'Travelling' with dad

Dad at the Gelang Patah dispensary in 1960
RECENTLY, I was in the old part of the Gelang Patah town. Walking on narrow pavements next to tiny zinc-roofed shops, coffeeshops and traditional provision stores, it looked like time had stood still there.

I looked for the old government dispensary and when I saw it from an overgrown compound, I did not hesitate to sneak in for a closer look.

I was amazed that it looked almost the same now as when dad was working there. Now, its wooden walls are painted dark green, the windows replaced by glass shutters and the staircase rebuilt with concrete. It stood silently under the scorching sun and appeared to be still in use.




The building looked virtually unchanged today
When dad was transferred to work in Gelang Patah in 1958, he commuted from Johor Baru almost daily for six years.  While the dispensary had regular opening hours for patients, dad also had to visit remote villages and rubber estates as a "mobile dispensary".  An attendant usually accompanied him but when I was old enough, he would often bring me along.

In the early days, there was no provision for a government four-wheel-drive vehicle. With our Volkswagen Beetle loaded with medical supplies, we would set out for a day trip to villages that were not as accessible as they are today.


Dad's VW car came to grief along an estate laterite road

Our car would bump along uneven laterite roads in all kinds of weather.  When a Land Rover was provided, my siblings and I looked forward to school holidays so that we could travel with dad and enjoy the ride at the rear of the vehicle.  We also wanted to sit in a sampan on trips to fishing villages.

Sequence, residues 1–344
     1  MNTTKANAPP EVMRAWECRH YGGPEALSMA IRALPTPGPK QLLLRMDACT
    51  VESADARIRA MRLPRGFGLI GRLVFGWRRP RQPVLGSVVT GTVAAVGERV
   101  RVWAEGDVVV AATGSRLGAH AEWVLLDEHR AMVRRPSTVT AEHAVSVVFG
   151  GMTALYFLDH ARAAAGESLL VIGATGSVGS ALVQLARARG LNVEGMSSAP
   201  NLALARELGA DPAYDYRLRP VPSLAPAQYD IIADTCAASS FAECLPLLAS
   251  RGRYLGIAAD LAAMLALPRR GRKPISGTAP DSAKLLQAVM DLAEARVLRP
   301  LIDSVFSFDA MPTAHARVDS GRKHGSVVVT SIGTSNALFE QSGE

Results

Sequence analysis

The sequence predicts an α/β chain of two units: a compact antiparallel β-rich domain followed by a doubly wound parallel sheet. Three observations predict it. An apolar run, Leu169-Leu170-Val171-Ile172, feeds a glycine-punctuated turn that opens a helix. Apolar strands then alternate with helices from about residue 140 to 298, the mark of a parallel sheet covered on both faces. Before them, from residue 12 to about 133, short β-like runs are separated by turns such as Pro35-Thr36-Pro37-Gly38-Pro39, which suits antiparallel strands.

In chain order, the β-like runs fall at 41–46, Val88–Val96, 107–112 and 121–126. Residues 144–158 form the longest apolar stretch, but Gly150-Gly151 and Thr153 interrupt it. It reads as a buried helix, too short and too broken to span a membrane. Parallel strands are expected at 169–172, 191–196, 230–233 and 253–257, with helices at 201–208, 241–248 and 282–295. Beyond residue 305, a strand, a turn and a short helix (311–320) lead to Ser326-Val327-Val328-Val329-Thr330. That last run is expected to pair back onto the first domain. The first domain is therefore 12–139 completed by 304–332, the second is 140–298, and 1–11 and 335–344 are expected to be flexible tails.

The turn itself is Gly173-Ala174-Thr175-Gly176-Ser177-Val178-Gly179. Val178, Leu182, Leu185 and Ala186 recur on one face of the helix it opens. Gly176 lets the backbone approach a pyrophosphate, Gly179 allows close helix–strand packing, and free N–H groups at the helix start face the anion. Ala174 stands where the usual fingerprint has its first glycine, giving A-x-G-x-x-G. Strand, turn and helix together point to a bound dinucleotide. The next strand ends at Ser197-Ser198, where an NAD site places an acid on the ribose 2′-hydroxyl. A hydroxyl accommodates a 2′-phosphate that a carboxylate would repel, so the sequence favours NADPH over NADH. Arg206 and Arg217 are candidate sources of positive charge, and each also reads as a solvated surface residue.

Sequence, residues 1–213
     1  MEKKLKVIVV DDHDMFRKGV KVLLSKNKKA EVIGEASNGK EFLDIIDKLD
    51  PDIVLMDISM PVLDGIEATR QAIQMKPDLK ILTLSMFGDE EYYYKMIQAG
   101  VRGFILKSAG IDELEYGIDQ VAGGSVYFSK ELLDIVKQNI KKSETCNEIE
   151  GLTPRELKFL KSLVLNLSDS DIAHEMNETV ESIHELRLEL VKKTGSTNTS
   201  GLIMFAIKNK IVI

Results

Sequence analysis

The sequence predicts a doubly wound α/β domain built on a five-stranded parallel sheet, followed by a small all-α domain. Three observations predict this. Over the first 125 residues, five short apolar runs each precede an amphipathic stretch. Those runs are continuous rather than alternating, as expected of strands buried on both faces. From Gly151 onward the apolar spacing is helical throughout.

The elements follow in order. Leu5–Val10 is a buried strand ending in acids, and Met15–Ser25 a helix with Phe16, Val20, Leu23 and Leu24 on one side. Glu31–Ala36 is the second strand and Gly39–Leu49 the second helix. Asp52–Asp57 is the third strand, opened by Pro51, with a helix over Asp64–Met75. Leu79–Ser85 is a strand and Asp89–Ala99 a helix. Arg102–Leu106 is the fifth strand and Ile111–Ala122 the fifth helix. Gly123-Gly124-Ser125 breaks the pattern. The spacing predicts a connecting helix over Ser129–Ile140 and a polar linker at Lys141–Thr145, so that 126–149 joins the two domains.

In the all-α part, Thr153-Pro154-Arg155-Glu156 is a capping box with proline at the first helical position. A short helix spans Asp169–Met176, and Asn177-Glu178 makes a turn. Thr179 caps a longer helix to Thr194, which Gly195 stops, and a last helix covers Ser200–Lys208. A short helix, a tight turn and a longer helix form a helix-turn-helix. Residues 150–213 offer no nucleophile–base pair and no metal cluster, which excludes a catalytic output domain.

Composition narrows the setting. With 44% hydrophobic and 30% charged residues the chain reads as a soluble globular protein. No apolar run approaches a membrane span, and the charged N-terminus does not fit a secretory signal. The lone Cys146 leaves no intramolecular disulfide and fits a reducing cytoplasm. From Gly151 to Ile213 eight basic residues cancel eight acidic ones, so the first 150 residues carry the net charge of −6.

Dad would operate from the village balai raya or community hall, or in a shelter provided by the estate management. Sometimes he would just work by the roadside. 




Dad with villagers of Leong Bee Estate in 1960

I remembered how dad would sound the horn to signal his arrival and almost instantly, people would make a beeline to see him. 

It was interesting to watch dad meet his patients in such rustic surroundings because it reminded me of scenes from a safari movie.  Dad would strike up convivial conversations before prescribing medicine or dressing wounds.  It never ceased to amaze me when he spoke to patients in Malay, a variety of Chinese dialects or in a smattering of Tamil.



Dad sometimes dispensed medicine from his car

Usually, while dad attended to patients, we would explore nearby areas. These travelling adventures were probably my first exposure to eco- and agro-tourism because I saw the lifestyle of rubber tappers, farmers and fishermen.

I also discovered a variety of trees, fruits, insects and small animals. It was exciting to see monkeys, squirrels, monitor lizards and various fowls. The sight of a turkey strutting around with outspread feathers, was always fascinating.




Dad put up an umbrella for shade on a sunny day!

Dad's living quarters was at the back of the dispensary and he would occasionally spend a few days there instead of coming home.  On these nights, he would join his mates to hunt for wild boar that terrorised the villagers.  Occasionally, he would bring home flying-foxes with black wings and scary fangs that looked like miniature vampires.

In untamed vicinity, dad would come across giant centipedes, millipedes, enormous rhinoceros beetles, spiders and a variety of snakes which he would trap and preserve in glass bottles.  Sometimes bite victims would bring the guilty creatures to add to dad's expanding collection.

If city kids only read about rubber trees, my siblings and I were familiar with how milky latex would drip into ceramic cups tied to freshly tapped trees. We were well acquainted with the pong of rotting rubber waste and as we had fun collecting rubber seeds, we hardly felt the mosquito bites. Sometimes we would sit on wooden jetties to watch fishing boats, surrounded by a strong smell from trays of fish drying under the sun.

Thanks to these trips, I knew places like Gelang Patah, Tanjung Kupang and Teluk Sengat long before they made headlines.  I guess my taste for travel and adventure was inspired by "travelling" with dad and now, I can truly appreciate the diverse sights, sounds and smells in my own travel escapades.

This article was first published in The New Straits Times, Johor Buzz on 24 April 2009

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